In 2001, Chenega Corp. and the Arctic Slope Regional Corp. joined together to take advantage of not only the special contracting regulations that Stevens created for them, but also the increased defense spending that followed the terrorist attacks of September 11th. That fall, they persuaded the National Image and Mapping Agency to give them a no-bid, $2.2 billion contract to provide “information technology services.”
NIMA is a relatively new agency with a highly sensitive mission to create and provide mapping, satellite imagery, and geospatial information to the federal intelligence community. Its founder, Army Lt. Gen. James C. King, left public service in 2001 to join defense contractor MZM Inc., and MZM won a $222,000 contract with NIMA in 2004. After MZM’s CEO Mitchell Wade resigned and pleaded guilty to corruption and bribery charges, MZM was sold to Veritas Capital, and King was named its CEO.
At about the same time that Arctic Slope and Chenega were winning the NIMA contract, Stevens and a group of investors were building a high-rise office tower in downtown Anchorage. Today, Arctic Slope is one of the tower’s tenants, with a 20-year lease renting at $6 million a year.
Despite his creativity in finding new ways to benefit corporations, Stevens is not a stranger to the use of good, old-fashioned earmarking, which is an action by congressmen that reserves money in a budget bill for a specific project. Stevens won infamy in 2005 for earmarking $223 million to build the “bridge to nowhere,” which would have connected a town with about 9,000 residents to an island of 50.
But he also used earmarks to give Alaska more homeland security grants than New York City. Between 2001 and 2006, he earmarked $80 million for a radio system that would connect all of the various law enforcement and rescue agencies in Alaska; in 2006, the Department of Homeland Security granted Alaska another $50 million for the project. The price of that single project exceeds the entire Homeland Security 2006 commitment to New York City, $130 million to $125 million. (New York has lobbied for a radio system like the one Alaska will purchase ever since the failure of the radio system in use in New York on September 11th, 2001.)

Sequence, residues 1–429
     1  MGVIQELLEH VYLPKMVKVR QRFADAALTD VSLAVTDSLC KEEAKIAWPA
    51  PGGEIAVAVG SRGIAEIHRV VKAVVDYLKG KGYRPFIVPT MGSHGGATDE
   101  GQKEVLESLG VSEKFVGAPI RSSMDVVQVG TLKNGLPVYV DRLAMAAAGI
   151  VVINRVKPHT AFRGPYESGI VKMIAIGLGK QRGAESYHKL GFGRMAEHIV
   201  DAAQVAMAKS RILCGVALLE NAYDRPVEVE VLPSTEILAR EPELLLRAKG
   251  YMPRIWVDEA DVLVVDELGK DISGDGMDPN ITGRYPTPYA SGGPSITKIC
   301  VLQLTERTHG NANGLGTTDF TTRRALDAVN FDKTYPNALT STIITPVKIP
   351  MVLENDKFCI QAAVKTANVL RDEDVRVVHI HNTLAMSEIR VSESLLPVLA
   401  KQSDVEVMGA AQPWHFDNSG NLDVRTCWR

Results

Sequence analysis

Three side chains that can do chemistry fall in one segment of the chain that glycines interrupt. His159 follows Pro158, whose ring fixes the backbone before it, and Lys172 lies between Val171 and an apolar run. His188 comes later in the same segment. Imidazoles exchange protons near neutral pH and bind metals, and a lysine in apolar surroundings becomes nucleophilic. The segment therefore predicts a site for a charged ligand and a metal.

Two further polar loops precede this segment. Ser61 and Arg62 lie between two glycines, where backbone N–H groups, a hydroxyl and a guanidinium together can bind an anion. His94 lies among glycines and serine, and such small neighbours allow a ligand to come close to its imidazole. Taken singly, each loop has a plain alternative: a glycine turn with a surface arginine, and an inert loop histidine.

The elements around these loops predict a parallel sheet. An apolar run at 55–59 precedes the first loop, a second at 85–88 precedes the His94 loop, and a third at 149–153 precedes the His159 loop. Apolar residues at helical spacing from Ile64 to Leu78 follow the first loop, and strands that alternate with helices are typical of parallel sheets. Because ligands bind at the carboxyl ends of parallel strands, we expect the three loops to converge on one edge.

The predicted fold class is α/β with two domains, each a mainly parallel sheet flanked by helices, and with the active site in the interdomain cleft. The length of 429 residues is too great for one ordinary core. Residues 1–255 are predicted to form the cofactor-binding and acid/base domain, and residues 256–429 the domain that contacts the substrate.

Stevens does not limit his favors to Native Alaskan groups. In 2003, the Los Angeles Times counted at least nine instances where he did favors for companies that employ the lobbying services of his son, State Sen. Ben Stevens. In one instance, Stevens mediated a contract dispute between the government of Pakistan and a construction and oil company called VECO. At the time, Stevens was on a House Appropriations subcommittee that was considering whether to lift sanctions on Pakistan, and Ben Stevens was on VECO’s payroll as a consultant. According to campaign finance records at the Center for Responsive Politics, VECO employees and executives donated $11,750 to Stevens’ campaign fund in the 2002 election cycle, $5,500 in the 2004 election cycle, and $14,000 in 2005. In August 2006, the FBI raided the offices of both VECO and Ben Stevens as part of an investigation into possible bribery and campaign finance fraud. (Ben Stevens was also the chairman of the Alaska Fisheries Marketing Board in 2003, when, according to TPM Muckraker, Stevens pushed through an earmark worth $29 million for it.)
As earmarking fueled scandals and public outcry during the 2006 mid-term elections, Congress considered and passed a law creating a public website to list the name of every company receiving federal grants and contracts. But before it passed, Stevens put an anonymous hold on the bill, an action that prevented it from being put to a vote. He removed the hold when it leaked out that he was the one who had placed it.
In 2006, Stevens announced his intention to run for re-election in 2008, when he will be 84.